| Abstract|| |
A patient having mitral stenosis with chronic atrial fibrillation, large left atrium, and spontaneous echo contrast is expected to have clot in LA or LAA. TEE is more sensitive to detect thrombus in LA and LAA than transthoracic echocardiography. However, false-negative results can still occur due to multilobed LAA, and a thrombus can be potentially missed.
Keywords: Atrial fibrillation, mitral stenosis, left atrial appendage
|How to cite this article:|
Raut MS, Hanjoora VM. Sudden appearance of new clot. Ann Card Anaesth 2019;22:316-7
A 35-year-old female patient presented with palpitation and shortness of breath on mild exertion. She had a history of mitral annuloplasty surgery at the age of 5 years and had a chronic atrial fibrillation (AF). The present echocardiograpic evaluation revealed large left atrium (LA) and left atrial appendage (LAA) with spontaneous echo contrast (SEC) but no clot in LA. Mean gradient across mitral valve was 15 mmHg. The patient was scheduled for mitral valve replacement (MVR). After smooth anesthesia induction, sternotomy was performed followed by aortic and bicaval cannulation after heparinization, and cardiopulmonary bypass was established. Intraoperative transesophageal echocardiography (TEE) confirmed the preoperative findings. Despite large LAA and SEC, no obvious clot was noticed [Figure 1]. The surgeon confirmed the absence of any removable organized thrombus in the LAA and performed MVR with a bileaflet mechanical mitral valve. After atrial closure, deairing maneuvers such as manual cardiac ballottement and conventional aspiration of the aortic root vent and left ventricular vent inserted during the operation through the superior pulmonary vein were started with partial filling of the heart. During the process, a mobile echogenic structure suggestive of thrombus was seen in the LA on TEE [Figure 2]. The surgeon was informed about this new finding. LA was reopened after cardioplegic arrest, and thrombotic clot was removed. Thereafter, the patient was weaned from the cardiopulmonary bypass without any further event.
|Figure 1: Midesophageal 2 chamber view of transesophageal echocardiography showing large left atrium and left atrial appendage with spontaneous echo contrast but no obvious clot|
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|Figure 2: Midesophageal long axis view of transesophageal echocardiography showing clot in left atrium during deairing phase|
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A patient having mitral stenosis with chronic AF, large LA, and SEC is expected to have clot in LA or LAA. TEE is more sensitive to detect thrombus in LA and LAA than transthoracic echocardiography. However, false-negative results can still occur due to multilobed LAA, and a thrombus can be potentially missed.
A very interesting case report by Kim et al. described the formation of intracardiac thrombus during cardiopulmonary bypass with full heparinization. In the present case, LA exploration during surgery could not find any thrombotic clot, and the clot which was observed later was an old clot, not the freshly formed. This thrombotic mass was not attached to LA wall, and hence, it could be differentiated from inverted LAA, pectinate muscle, and trabeculations.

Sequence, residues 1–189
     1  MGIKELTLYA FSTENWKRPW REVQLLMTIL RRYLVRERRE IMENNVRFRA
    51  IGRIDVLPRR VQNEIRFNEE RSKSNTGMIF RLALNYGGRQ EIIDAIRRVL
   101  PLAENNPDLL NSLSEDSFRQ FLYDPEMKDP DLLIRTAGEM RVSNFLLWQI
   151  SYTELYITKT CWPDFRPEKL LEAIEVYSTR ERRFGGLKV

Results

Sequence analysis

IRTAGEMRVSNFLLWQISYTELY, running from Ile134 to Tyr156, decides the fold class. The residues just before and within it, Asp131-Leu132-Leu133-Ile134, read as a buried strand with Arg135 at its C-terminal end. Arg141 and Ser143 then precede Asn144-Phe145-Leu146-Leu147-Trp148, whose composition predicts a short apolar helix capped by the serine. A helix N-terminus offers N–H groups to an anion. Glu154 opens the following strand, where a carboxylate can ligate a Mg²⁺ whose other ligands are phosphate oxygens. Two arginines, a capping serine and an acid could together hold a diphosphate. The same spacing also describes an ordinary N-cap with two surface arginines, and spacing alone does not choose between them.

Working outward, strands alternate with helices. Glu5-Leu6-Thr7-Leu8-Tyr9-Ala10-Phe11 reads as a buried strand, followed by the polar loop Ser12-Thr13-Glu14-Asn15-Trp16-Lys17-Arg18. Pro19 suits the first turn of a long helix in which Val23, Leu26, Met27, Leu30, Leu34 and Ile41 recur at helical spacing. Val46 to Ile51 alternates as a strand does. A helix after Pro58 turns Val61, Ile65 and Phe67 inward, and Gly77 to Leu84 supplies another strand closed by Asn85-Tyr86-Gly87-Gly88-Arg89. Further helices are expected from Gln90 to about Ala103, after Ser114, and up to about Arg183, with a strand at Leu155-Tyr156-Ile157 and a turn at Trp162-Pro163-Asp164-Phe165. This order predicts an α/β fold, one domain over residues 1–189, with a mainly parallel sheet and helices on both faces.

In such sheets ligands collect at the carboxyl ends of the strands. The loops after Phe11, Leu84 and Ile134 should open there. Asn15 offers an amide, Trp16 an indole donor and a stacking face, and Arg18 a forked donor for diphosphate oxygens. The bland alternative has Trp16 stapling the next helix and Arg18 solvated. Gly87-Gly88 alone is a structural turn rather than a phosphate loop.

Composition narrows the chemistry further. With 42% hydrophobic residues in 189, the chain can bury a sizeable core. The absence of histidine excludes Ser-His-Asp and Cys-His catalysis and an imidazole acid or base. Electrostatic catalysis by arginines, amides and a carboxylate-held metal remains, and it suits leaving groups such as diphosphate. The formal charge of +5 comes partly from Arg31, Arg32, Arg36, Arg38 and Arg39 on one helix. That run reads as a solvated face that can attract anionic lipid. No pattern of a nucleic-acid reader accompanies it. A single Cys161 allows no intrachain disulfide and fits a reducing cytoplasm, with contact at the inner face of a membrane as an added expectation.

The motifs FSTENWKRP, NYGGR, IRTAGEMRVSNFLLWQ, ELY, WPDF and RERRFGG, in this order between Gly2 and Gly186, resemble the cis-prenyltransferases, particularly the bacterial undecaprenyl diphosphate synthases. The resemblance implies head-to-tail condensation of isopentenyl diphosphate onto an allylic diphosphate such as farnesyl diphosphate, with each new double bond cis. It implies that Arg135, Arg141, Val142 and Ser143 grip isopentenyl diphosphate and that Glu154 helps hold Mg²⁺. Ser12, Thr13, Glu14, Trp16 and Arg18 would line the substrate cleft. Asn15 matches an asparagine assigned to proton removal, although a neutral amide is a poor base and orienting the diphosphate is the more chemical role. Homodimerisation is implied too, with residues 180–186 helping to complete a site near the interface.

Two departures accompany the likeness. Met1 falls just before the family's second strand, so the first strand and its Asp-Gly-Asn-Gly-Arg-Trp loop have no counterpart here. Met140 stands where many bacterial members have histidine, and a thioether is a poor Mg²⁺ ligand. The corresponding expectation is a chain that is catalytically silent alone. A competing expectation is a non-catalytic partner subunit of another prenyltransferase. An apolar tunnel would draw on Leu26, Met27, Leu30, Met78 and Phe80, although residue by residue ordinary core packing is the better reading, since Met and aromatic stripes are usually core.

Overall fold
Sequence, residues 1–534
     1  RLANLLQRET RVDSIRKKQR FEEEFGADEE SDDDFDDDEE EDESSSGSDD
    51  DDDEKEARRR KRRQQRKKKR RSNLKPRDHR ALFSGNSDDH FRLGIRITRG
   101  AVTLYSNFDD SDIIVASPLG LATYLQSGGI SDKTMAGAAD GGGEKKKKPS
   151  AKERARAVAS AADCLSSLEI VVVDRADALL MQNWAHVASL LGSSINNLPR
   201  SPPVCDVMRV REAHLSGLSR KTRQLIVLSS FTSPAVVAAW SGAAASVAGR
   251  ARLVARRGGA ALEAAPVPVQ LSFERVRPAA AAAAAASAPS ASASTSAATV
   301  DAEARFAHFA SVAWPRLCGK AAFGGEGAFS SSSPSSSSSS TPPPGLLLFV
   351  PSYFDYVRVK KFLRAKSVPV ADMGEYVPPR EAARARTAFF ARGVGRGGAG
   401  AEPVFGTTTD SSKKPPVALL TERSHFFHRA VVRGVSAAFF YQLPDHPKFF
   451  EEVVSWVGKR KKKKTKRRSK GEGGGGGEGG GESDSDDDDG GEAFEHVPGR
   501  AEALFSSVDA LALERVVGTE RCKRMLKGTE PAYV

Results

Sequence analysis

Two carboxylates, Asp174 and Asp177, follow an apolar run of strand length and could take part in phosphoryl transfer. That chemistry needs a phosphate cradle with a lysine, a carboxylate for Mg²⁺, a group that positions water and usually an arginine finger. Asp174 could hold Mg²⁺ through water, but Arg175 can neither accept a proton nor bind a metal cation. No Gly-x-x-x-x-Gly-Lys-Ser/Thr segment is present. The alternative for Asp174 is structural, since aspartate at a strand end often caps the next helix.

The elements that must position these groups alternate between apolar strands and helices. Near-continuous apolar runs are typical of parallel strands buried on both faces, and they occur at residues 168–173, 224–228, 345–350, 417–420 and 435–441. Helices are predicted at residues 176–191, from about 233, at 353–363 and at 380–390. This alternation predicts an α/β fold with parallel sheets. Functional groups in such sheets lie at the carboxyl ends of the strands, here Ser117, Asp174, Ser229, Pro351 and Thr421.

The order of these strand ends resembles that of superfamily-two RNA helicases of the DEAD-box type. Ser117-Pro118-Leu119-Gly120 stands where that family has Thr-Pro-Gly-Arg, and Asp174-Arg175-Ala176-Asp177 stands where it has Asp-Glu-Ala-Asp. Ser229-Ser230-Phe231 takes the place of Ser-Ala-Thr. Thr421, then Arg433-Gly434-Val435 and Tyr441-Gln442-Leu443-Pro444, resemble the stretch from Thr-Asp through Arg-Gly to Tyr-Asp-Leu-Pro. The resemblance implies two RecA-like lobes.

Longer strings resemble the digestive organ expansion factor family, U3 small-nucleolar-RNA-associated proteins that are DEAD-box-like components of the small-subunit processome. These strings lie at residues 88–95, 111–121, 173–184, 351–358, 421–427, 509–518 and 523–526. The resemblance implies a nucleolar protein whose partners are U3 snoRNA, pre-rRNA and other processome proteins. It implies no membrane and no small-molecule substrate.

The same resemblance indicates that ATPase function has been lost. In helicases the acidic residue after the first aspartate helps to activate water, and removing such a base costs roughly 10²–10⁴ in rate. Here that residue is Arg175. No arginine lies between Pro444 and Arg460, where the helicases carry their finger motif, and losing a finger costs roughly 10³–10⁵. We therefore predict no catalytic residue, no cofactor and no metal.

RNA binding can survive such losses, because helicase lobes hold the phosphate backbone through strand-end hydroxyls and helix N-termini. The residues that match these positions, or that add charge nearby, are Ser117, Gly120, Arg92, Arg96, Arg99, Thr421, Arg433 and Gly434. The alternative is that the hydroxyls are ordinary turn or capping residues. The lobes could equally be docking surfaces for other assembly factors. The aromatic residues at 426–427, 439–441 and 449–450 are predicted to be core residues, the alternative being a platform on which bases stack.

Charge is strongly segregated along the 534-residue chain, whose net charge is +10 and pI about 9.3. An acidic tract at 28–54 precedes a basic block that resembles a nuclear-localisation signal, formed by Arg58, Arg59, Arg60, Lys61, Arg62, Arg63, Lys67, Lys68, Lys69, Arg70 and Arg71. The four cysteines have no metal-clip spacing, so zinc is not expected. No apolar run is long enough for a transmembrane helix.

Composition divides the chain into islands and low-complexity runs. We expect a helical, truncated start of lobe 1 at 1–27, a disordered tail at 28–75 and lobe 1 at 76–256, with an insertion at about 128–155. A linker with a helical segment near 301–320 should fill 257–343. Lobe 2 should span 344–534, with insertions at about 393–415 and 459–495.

We hypothesize that pulmonary venous (PV) congestion in mitral stenosis patient could have formed the thrombus in pulmonary vein itself. Incidentally, this clot got migrated to LA during deairing phase. TEE can demonstrate thrombus in LA and larger distal pulmonary vein though not all thrombi can be visualized by TEE, and bidimensional images can be suboptimal sometimes. The measurement of pulmonary vein blood flow velocity can indirectly suggest the diagnosis.
In lung transplant recipients, the mean PV blood flow velocity was observed as 123 ± 23 cm/s in patients with PV thrombosis (PVT) compared with 50 ± 10 cm/s in patients without PVT. However, peak systolic pulmonary blood flow velocity can be confounded by various factors such as left atrial pressure, mitral regurgitation, mitral inflow velocities, and the presence of impaired systolic and/or diastolic function.
Rheumatic mitral valve disease with large LA is commonly encountered in Indian population. A routine preoperative investigation such as echocardiography can hardly detect PVT. Contrast-enhanced computed tomography scan of the thorax can easily delineate the clot in the pulmonary vein. However, this is not commonly performed unless indicated for some other reasons. This case report provides the ground for future studies to detect the incidence of pulmonary vein thrombosis in patients with mitral valve disease.
Declaration of patient consent
The authors certify that they have obtained all appropriate patient consent forms. In the form the patient(s) has/have given his/her/their consent for his/her/their images and other clinical information to be reported in the journal. The patients understand that their names and initials will not be published and due efforts will be made to conceal their identity, but anonymity cannot be guaranteed.
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Conflicts of interest
There are no conflicts of interest.
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Monish S Raut
Department of Cardiac Anesthesia, Artemis Hospital, Gurgaon, Haryana
Source of Support: None, Conflict of Interest: None
[Figure 1], [Figure 2]